Wednesday, July 12, 2017

Motown: The Musical is Absolutely Magical

I've got sunshine on a cloudy day....


Photo by Joan Marcus

What would the world have been like if Motown Records never existed?

I mean think about it - the entire popular musical landscape we enjoy today would essentially not exist. No Marvin Gaye. No Temptations or Commodores. No Diana Ross or the Supremes. No Smokey Robinson. No Stevie Wonder. No Rick James. No freaking MICHAEL JACKSON you guys! What a world that would be.

Photo by Joan Marcus

Thankfully, we'll never have to know thanks to Motown's founder: Berry Gordy. Berry's drive and passion for music are the molten core around which all of Motown: The Musical (currently at the Orpheum) revolves, and it's a red hot performance from start to finish. The show briefly introduces us to Berry as a young boy who was inspired watching Joe Lewis' historic boxing win, then as a relatively unsuccessful man until one day he is fed up with the white-owned music business and begins his own record company. Through a whole lot of life hacking, innovative ideas and guerrilla marketing, Berry manages to build up a behemoth of a recording company with the funky sounds of Motown at it's heart. The show whirlwinds the audience through snippets from Motown's unbelievably good catalog as the company's fortunes rise and eventually shatter, culminating in a 25th anniversary performance where Motown's greatest talent assembled to pay tribute to Berry Gordy's incredible story.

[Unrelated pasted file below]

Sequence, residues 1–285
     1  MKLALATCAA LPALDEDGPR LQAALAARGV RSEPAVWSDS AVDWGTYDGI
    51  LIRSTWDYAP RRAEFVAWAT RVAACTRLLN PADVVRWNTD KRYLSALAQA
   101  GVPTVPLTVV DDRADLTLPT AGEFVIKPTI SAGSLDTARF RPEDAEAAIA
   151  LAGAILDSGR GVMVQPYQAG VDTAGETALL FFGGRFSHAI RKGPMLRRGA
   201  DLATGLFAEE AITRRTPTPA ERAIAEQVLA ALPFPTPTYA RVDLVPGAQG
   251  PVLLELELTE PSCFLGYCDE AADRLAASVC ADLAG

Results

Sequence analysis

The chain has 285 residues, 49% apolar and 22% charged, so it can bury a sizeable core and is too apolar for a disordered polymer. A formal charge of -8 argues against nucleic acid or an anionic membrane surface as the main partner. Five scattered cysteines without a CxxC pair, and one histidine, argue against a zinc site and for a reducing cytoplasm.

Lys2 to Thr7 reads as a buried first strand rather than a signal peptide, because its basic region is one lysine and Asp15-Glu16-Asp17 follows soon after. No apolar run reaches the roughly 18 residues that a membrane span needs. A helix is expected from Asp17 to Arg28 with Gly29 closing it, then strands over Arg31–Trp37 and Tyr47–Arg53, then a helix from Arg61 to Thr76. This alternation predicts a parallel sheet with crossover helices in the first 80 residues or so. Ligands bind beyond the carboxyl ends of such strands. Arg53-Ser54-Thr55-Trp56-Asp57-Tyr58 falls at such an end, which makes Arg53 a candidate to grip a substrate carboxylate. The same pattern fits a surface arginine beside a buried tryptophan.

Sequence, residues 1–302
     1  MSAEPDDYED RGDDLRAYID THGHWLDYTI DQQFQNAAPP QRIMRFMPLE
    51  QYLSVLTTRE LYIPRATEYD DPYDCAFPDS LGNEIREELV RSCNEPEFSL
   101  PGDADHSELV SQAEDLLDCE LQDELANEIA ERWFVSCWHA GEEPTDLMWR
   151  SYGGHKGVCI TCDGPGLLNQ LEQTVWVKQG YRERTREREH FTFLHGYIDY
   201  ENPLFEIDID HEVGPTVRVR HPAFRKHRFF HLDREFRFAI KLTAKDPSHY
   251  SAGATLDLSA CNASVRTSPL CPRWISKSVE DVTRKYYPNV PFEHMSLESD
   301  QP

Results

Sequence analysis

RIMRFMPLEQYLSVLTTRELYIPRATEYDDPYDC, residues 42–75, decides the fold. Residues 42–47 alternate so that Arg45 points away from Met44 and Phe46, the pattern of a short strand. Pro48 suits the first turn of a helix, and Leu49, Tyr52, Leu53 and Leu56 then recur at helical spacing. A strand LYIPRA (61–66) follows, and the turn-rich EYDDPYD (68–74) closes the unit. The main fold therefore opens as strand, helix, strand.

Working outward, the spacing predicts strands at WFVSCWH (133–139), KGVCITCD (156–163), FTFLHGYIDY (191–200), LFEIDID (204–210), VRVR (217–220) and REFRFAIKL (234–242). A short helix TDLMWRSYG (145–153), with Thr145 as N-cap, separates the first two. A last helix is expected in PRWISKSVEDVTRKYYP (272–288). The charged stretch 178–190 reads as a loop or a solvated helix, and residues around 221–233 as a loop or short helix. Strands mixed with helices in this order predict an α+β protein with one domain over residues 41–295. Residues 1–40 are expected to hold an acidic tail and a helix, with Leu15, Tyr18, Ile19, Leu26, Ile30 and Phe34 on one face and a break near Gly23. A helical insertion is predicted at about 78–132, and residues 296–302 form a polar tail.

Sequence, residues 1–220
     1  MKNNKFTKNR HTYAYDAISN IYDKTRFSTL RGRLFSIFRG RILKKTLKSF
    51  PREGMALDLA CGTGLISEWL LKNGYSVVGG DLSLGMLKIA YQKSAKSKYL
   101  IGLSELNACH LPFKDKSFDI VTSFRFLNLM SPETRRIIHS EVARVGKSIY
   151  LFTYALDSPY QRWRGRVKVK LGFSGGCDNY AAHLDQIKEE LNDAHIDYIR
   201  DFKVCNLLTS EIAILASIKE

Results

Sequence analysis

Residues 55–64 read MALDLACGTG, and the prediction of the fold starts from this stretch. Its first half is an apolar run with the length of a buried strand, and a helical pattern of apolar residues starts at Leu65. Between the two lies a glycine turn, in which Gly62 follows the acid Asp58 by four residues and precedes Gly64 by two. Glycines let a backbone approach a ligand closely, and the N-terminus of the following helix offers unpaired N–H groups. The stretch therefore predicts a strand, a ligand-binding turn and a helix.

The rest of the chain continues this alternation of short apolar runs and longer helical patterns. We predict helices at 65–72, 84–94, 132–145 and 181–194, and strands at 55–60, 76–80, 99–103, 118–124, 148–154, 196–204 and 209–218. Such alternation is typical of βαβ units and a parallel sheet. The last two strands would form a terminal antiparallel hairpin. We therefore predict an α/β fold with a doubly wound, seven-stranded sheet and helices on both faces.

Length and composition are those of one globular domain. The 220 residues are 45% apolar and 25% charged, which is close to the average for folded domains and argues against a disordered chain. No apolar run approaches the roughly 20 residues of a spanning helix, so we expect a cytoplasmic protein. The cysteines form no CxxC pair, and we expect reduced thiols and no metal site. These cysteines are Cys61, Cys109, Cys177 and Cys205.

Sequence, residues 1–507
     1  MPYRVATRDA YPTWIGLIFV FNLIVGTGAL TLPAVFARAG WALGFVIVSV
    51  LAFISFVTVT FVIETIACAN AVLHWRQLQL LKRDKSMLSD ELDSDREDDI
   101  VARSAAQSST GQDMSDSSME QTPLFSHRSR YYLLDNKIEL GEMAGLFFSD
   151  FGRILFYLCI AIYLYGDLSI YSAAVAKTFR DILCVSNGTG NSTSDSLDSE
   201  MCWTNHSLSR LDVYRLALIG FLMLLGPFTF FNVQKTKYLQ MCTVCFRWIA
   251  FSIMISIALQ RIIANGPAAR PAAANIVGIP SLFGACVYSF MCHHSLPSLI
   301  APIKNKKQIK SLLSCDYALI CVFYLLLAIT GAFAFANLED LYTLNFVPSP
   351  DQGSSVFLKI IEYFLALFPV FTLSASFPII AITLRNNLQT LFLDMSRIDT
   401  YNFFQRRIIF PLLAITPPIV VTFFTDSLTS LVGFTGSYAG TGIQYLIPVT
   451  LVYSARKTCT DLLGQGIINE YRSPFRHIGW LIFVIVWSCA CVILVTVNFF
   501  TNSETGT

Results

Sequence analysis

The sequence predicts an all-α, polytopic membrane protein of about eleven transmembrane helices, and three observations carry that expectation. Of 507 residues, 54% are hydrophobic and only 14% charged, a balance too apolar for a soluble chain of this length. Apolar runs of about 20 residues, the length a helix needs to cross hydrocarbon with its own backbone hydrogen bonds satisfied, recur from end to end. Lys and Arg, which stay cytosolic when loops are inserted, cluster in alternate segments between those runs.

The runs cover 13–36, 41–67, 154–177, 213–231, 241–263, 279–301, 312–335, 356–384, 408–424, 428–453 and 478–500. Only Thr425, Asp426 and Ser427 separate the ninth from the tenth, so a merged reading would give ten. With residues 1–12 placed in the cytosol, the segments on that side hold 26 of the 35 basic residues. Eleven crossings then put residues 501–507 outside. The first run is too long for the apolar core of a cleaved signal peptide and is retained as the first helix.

Photo by Joan Marcus

Most of this cast moves seamlessly in and out of roles in the ensemble so I unfortunately can't call them out here. It's worth noting that the whole cast is truly excellent, effortlessly weaving in between various groups of performers (Temptations vs. Commodores, anyone?) and regularly inciting the audience to explosive applause. This excellence begins at the top with the stunningly good Chester Gregory as Berry Gordy, whose dulcet tones had me swooning from the first note. Gregory is *seriously* good - think could beat Jamie Foxx as Ray Charles good - and I sure hope someone's in the wings waiting to offer him a record deal of his own. Gregory sets the standard for the rest of the cast, including Allison Semmes who embodies Diana Ross down to the last perfectly manicured nail. Semmes swans all over the stage with Ross's trademark breathy voice, beautifully blending in the songs for the Supremes and providing the show with an evanescent female presence. Jarran Muse is marvelous as the sexy, smooth Marvin Gaye, with a controlled delivery that showcases his buttery voice. And David Kaverman provides Motown with a whole lot of heart as the ever-loyal hit generator Smokey Robinson.

Photo by Joan Marcus